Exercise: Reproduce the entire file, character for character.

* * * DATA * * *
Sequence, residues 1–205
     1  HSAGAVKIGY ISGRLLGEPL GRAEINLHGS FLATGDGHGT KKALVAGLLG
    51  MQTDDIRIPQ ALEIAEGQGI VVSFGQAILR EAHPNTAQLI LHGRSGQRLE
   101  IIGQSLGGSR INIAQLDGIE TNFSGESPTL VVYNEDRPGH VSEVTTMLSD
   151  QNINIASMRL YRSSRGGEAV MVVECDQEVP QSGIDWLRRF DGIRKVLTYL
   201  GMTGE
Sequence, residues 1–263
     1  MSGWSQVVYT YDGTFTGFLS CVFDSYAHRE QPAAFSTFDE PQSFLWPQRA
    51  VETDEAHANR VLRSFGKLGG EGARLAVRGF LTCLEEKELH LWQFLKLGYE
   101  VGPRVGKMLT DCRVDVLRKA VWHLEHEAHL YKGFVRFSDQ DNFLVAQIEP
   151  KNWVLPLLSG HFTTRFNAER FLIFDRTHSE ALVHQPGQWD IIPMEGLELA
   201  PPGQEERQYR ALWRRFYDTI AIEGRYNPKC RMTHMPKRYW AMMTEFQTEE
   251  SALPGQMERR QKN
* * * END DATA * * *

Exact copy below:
Sequence, residues 1–205
     1  HSAGAVKIGY ISGRLLGEPL GRAEINLHGS FLATGDGHGT KKALVAGLLG
    51  MQTDDIRIPQ ALEIAEGQGI VVSFGQAILR EAHPNTAQLI LHGRSGQRLE
   101  IIGQSLGGSR INIAQLDGIE TNFSGESPTL VVYNEDRPGH VSEVTTMLSD
   151  QNINIASMRL YRSSRGGEAV MVVECDQEVP QSGIDWLRRF DGIRKVLTYL
   201  GMTGE
Sequence, residues 1–263
     1  MSGWSQVVYT YDGTFTGFLS CVFDSYAHRE QPAAFSTFDE PQSFLWPQRA
    51  VETDEAHANR VLRSFGKLGG EGARLAVRGF LTCLEEKELH LWQFLKLGYE
   101  VGPRVGKMLT DCRVDVLRKA VWHLEHEAHL YKGFVRFSDQ DNFLVAQIEP
   151  KNWVLPLLSG HFTTRFNAER FLIFDRTHSE ALVHQPGQWD IIPMEGLELA
   201  PPGQEERQYR ALWRRFYDTI AIEGRYNPKC RMTHMPKRYW AMMTEFQTEE
   251  SALPGQMERR QKN